Geico recently introduced this new television ad based on the scary movies. It can be used to reinforce concepts in Chapter 4.
- Is this ad designed to impact attitude or beliefs? Support your answer.
- Discuss the concepts of selective exposure, selective distortion, and selective retention in terms of this ad.
- Which VALS group would be most receptive to this ad? Why?
- Of the various decision-making models introduced in the chapter, which one is typically used for insurance? Explain your choice
Millions of dollars are spent to bring new products to the market. But a large-scale cross-national research study conducted by Nielsen suggests that consumers are more likely to buy new products from a familiar brand rather than choosing a new label. The study polled over 29,000 Internet respondents in 58 countries. Respondents indicated, among others, their agreement with items such as: “I will purchase a store brand or value option”; “I like when manufacturers offer new product options”; “I wait until a new innovation has proven itself before purchasing”; “I prefer to buy new products of brands familiar to me”; and “I like to tell others about new products,” among others.
- After reading the Nielsen study, how would you classify it? Is it product research? Is it buyer behavior research? Explain.
- Compare between consumers’ responses regarding the likelihood to tell others about new products. Based on their responses, in what world regions are you more likely to encourage peer influence? Why?
- Nielsen used an online survey in conducting this study. What are the advantages and disadvantages of using this research approach in this study? Explain.
The multitude of advertisements in Manhattan’s Time Square are part of the allure of this tourist destination. Now, a billboard the size of a football field, eight stories tall and spanning an entire block, with a better resolution than that of the best TV set on the market, is making even more jaws drop, according to Adweek. Google was one of the first companies to advertise on this billboard, in early 2015, at a price tag of over $2 million per month.
- Click on the link and look at the photograph of the billboard. Comment on the ability of an advertisement on the screen to break through the clutter of ads in Times Square.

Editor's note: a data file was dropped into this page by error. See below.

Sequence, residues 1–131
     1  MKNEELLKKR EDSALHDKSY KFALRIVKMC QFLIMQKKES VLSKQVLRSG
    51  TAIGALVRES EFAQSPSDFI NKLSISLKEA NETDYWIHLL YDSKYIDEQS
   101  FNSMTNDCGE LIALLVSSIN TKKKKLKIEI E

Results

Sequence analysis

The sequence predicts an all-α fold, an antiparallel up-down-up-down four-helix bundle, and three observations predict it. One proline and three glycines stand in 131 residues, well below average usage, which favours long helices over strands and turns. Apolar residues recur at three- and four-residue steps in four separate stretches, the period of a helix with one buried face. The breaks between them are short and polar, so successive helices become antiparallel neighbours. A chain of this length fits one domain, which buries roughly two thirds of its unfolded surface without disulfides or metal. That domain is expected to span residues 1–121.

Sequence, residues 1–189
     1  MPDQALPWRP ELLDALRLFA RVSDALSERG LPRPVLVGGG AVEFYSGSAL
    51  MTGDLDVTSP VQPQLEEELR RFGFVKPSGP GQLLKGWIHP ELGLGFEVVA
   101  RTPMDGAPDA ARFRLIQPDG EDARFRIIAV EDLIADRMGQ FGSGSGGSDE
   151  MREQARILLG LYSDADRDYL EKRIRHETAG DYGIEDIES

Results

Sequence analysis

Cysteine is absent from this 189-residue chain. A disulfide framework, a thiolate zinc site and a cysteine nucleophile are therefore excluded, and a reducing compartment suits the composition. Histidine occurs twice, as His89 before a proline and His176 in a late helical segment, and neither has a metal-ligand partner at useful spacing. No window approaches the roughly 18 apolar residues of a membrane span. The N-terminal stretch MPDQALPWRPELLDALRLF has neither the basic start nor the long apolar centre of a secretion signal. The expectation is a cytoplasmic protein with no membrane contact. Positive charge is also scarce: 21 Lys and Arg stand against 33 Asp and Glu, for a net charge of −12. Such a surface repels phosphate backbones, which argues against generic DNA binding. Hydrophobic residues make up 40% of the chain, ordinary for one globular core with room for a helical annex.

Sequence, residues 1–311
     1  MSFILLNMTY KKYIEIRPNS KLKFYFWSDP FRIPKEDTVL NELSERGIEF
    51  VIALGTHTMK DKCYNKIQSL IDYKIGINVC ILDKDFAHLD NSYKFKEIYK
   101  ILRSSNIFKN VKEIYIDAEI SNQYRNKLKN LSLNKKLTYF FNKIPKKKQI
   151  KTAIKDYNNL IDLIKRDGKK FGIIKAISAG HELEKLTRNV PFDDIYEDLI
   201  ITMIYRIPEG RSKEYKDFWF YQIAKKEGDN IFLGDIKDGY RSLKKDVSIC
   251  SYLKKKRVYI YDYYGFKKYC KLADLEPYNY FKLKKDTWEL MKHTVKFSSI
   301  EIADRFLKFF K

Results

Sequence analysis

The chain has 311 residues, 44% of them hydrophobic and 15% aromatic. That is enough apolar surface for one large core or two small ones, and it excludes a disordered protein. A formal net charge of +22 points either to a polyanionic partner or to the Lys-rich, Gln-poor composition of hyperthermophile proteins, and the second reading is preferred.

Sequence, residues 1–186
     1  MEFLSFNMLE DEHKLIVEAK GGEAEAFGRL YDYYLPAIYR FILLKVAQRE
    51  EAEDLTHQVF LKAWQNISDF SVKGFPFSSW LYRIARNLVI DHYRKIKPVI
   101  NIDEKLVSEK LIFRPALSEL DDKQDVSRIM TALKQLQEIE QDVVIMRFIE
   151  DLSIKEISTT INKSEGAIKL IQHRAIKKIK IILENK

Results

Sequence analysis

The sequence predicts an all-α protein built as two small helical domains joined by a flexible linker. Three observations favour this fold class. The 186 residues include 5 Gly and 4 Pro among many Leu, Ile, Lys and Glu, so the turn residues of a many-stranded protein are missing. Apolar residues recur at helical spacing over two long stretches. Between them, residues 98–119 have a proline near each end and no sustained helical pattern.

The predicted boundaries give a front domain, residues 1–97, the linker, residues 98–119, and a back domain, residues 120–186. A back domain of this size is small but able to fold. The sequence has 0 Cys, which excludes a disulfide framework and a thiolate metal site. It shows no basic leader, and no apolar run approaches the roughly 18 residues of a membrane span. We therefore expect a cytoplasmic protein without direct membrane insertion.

- Is this type of communication vehicle likely to persuade consumers to buy? Why? Why not?
- The price of advertising on this billboard is high, at more than $2 million per month. Is it worth it? Explain.
Here are some videos you may be able to use for Chapter 6. The first three are all on segmentation. You can pick the one that best fits your teaching.
Business-to-business marketing is difficult for most students to comprehend. These videos cover some of the major topics presented in the chapter and can be used to supplement the text.
Most students have a difficult time understanding business-to-business marketing. One approach may be to have them watch one of the following videos on how Pringles, Coca-Cola, or alloy wheels are made then answer the following questions. They should have the questions as they watch the video in order to take notes.
- Review the types of business goods and services used in business-to-business, Section 5-2. As you watch the video, make a list of goods and services used in making the product. Be sure to put each item you list in the correct category.
- For each item in your list, identify whether it a purchase would be a new buy, modified rebuy, or straight rebuy. Explain your choice.
- Pick one of the items in your list. Discuss the concept of the buying center and identify who might fulfill each of the roles.
- Using the item you identified in Question 3, discuss the personality traits that might play a role in the purchase process.
- If you were the seller of the item you identified in Questions 3 and 4, which member of the buying center would you target with a marketing message? Why? What type of message would you offer that would get them to consider your company as potential vendor?